Jacksonville, FL -
Renovations at the Southbank Riverwalk are getting a budget boost- and it may not be the last one.
$15 million for the renovations were approved in 2010, but construction was held up for various reasons until last year. When the City unveiled the new plans for the renovations and construction began, however, funding for the entire project was no longer secure.
“The last thing I want to see is a ‘dead end’ sign at a point in the Riverwalk where it stops,” says Councilman John Crescimbeni.
The contractor determined $2.3 million more would be needed . About $300,000 will come from savings in the first portion of the project, but $2 million over the budget was also requested to complete renovations on the entire span of the Riverwalk.
Because the contractor and subcontractors agreed to hold their pricing in place through May 1st, Council was compelled to vote Tuesday night or face an almost guaranteed increase from that $2 million price point. They unanimously voted to allocate that money.
“I think there’s relief to the citizens of Jacksonville that we’re not going to have a project that got started in September that’s going to only be 75% finished,” Crescimbeni says.
During the debate, however, a question was raised on whether even more money could be needed down the road.
One portion of the Riverwalk by the Crowne Plaza will not be renovated to the current plan- as things stand now. Because of a legal agreement in the 1980s, according to the Office of the General Counsel, the Riverfront properties have to sign on to any improvements- the city can only maintain and replace with “in kind” materials. That means as things stand now, the portion of the Riverwalk in front of the hotel will replaced with wood like what’s there now, rather than the concrete which will be on the rest of the span.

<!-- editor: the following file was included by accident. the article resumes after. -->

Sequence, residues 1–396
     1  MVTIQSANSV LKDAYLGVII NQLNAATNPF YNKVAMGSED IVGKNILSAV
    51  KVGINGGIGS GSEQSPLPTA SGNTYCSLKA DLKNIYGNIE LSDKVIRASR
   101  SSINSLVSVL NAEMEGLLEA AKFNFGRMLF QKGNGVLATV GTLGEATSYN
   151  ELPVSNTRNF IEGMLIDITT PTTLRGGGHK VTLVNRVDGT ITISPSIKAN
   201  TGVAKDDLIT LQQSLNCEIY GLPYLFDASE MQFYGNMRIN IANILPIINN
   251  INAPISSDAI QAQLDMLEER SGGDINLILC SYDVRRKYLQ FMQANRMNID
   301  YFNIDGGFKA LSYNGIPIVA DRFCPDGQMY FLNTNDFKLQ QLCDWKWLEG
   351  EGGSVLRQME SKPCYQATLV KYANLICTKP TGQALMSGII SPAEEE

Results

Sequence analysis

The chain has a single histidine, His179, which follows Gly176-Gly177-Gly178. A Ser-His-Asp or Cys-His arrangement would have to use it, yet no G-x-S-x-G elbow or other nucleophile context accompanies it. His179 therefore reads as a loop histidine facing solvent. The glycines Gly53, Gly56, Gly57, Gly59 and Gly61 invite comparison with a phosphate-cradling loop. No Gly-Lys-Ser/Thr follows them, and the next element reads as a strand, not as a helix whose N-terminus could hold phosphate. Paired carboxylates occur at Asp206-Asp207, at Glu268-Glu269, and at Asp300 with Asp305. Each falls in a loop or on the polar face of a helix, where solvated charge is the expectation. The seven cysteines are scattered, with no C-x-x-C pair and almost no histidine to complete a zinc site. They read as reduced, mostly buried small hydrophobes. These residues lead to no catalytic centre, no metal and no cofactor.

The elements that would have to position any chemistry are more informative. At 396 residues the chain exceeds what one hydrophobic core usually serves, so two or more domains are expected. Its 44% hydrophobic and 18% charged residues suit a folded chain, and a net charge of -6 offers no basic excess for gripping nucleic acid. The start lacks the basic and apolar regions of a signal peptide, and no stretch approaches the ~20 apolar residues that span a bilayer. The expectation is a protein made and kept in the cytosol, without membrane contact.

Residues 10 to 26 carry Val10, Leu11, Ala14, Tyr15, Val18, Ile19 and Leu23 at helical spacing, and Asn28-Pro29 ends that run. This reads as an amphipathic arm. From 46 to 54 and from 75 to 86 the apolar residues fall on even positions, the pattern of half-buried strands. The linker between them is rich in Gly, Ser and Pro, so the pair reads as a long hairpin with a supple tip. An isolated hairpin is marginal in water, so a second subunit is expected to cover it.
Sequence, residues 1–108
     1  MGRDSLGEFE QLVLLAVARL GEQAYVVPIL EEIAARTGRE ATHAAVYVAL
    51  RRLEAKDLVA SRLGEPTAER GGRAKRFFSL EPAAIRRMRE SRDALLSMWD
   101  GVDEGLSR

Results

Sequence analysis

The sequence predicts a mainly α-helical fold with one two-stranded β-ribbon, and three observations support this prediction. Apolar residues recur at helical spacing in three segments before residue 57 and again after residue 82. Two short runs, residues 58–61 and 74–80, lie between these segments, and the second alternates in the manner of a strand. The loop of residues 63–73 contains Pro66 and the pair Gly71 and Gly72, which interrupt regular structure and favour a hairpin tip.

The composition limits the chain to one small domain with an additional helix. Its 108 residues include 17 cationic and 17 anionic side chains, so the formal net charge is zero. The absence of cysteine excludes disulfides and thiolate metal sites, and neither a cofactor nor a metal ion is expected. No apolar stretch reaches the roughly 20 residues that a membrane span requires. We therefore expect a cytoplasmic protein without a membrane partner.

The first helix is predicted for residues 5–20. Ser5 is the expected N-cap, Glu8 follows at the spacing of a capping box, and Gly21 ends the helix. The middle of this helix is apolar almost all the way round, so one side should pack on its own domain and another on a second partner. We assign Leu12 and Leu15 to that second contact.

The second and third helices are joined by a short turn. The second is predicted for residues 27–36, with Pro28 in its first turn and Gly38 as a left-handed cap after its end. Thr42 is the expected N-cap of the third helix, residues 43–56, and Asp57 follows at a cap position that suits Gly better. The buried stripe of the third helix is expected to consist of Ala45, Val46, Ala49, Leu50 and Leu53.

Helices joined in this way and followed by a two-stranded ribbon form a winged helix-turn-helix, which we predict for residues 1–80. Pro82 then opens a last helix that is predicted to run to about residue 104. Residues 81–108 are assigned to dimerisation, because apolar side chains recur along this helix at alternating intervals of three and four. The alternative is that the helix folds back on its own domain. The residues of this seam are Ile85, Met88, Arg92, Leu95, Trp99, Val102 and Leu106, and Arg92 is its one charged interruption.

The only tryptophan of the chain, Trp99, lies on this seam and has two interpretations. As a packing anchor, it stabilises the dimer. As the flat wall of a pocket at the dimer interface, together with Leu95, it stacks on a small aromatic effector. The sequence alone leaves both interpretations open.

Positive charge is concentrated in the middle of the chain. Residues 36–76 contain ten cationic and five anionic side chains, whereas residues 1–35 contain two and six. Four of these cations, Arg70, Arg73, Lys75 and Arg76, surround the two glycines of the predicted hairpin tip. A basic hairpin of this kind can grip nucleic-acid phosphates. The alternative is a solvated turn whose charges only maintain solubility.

“It will eventually deteriorate and cost the city more money to keep it up,” says Councilman Don Redman.
Because the wood would get replaced with wood, Redman is concerned that the Crowne Plaza portion of the Riverwalk will not just deteriorate faster, but pose a safety risk. Redman himself broke hisd leg during a slip and fall on the Riverwalk when it was wet.
Even if the Crowne Plaza agrees to go along with the concrete, however, there would still be a potential funding boost needed. The contractor, Haskell, tallied six months ago that it would not cost any more money if the Crowne Plaza were to sign on to the concrete upgrades, but during Tuesday night’s meeting, the project manager said he would have to run the calculations again before ensuring no further funding would be needed. Public Works Director Jim Robinson told Council he had been given every indication the price would hold steady, but several councilmen remain skeptical because of the difference in the cost of the materials.
Redman continues to push the Crowne Plaza, although he realizes it’s likely a losing battle.
The City has until May 9th to tell Haskell whether to proceed with wood or concrete in that portion of the project without facing a delay in the project timeline or additional funding concerens.